statistics for behavioral sciences
posted by troy on .
In a one- to two-page Microsoft Word document, for each hypothesis listed indicate:
Whether the appropriate analysis would be a one-tailed test or a two-tailed test.
A type I and type II error, given the context of the hypothesis.
The three treatments tested differ in how well they work.
Children receiving supportive therapy will get worse over time (at posttreatment).
Girls will do better than boys with treatment (any treatment).
To determine whether or not to use a two-tailed test versus a one-tailed test depends on the alternate hypothesis. If the alternate hypothesis shows direction (less than or greater than), a one-tailed test is used. If the alternate hypothesis shows no specific direction, then a two-tailed test is used. Usually a problem will give you a clue as to whether to use a one-tailed or two-tailed test. For example, the problem might ask only if there is a difference (two-tailed), or a problem might look for less than a population value or greater than a population value (one-tailed).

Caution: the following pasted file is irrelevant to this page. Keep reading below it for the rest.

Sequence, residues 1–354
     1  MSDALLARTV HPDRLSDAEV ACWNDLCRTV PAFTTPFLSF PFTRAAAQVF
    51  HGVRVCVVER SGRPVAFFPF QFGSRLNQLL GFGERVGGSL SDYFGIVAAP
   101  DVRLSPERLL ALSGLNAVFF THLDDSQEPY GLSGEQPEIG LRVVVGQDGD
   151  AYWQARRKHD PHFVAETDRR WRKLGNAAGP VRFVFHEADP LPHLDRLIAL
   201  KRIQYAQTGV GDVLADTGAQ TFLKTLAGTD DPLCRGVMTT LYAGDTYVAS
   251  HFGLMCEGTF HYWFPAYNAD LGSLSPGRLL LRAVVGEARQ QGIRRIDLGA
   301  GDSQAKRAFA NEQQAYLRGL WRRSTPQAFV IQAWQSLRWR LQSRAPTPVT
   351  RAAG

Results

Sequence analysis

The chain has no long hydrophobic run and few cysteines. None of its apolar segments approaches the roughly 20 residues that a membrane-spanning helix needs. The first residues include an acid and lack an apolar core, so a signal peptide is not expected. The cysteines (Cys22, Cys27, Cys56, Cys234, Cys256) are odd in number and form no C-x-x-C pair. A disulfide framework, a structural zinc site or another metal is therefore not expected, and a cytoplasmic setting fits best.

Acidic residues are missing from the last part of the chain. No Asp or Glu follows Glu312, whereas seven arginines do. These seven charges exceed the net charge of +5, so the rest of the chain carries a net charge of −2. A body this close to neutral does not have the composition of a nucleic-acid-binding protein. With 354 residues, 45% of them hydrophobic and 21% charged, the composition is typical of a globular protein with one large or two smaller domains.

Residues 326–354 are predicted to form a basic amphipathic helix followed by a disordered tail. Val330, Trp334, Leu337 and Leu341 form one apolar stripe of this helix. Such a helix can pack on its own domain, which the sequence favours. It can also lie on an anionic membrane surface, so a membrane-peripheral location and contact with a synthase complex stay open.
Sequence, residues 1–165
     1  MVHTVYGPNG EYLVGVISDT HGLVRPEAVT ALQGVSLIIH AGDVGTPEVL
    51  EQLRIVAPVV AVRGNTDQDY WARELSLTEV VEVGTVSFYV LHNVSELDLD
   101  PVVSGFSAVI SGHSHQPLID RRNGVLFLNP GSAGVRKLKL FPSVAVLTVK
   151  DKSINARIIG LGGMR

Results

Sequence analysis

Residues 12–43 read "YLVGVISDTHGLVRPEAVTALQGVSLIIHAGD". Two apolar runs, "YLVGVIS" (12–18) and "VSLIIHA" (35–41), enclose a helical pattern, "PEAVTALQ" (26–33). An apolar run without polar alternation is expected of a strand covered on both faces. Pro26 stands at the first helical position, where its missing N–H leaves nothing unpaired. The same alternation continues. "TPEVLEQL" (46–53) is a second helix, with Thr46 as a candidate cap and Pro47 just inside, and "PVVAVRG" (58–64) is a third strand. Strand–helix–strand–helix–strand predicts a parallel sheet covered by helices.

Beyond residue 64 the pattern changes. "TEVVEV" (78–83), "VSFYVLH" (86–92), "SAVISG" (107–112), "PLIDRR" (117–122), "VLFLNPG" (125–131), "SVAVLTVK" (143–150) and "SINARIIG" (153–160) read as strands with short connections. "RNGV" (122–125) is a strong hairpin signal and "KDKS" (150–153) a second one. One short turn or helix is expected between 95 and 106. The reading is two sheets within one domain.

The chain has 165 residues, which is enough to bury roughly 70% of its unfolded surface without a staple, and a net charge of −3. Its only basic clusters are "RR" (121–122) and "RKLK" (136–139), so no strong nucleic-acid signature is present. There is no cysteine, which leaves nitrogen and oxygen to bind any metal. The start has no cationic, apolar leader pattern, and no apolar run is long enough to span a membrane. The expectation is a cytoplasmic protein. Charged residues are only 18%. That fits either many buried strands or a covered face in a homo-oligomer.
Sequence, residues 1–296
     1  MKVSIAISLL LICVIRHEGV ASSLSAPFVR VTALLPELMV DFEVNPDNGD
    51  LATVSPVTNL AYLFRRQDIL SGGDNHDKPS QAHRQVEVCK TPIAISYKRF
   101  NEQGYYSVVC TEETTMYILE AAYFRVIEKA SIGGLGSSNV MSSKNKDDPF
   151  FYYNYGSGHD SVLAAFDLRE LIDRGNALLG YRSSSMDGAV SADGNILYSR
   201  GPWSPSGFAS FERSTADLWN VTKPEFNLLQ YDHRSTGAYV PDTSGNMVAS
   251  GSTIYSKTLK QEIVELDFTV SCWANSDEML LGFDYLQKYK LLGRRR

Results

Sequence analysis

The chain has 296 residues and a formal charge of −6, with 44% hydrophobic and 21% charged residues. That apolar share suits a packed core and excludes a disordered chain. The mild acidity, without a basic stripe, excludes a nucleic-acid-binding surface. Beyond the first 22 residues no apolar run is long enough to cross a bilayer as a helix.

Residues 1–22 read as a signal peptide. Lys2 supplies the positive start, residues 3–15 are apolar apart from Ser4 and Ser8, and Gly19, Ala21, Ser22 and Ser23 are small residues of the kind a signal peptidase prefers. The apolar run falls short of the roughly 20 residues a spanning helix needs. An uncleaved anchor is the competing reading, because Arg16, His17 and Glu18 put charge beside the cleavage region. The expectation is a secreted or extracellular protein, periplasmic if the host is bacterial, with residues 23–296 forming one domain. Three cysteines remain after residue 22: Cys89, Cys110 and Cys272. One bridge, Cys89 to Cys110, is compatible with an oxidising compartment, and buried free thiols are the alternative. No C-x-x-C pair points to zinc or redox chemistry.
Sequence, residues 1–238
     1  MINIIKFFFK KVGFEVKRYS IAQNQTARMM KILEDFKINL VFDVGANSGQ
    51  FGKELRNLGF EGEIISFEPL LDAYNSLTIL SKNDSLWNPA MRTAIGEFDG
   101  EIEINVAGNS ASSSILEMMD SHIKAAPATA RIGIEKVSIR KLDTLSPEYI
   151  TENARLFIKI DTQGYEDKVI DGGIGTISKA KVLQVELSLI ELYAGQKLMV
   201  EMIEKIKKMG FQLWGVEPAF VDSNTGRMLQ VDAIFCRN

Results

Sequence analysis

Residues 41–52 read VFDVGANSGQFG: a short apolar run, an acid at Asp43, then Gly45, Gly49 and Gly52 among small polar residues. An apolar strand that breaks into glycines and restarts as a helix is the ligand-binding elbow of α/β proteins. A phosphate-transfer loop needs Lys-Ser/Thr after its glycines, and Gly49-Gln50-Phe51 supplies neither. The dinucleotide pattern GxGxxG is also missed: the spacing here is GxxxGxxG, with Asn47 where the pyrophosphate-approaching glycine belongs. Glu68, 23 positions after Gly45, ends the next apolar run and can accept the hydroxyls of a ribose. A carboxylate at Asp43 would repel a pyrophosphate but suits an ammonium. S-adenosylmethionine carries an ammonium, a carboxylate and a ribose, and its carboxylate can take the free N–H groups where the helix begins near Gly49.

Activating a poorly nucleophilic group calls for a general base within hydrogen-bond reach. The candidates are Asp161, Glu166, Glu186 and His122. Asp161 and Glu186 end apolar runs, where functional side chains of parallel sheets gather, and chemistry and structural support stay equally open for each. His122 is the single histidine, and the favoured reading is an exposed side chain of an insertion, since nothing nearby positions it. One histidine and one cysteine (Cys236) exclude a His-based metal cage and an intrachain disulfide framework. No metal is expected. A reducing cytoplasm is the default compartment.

You can reduce Type I errors (rejecting the null when it's true) by setting the alpha at a lower level; however, when you do that, you increase the probability of making a Type II error (accepting the null and it's false). Most researchers try to minimize errors by setting alpha to .05.
I hope these few explanations will help.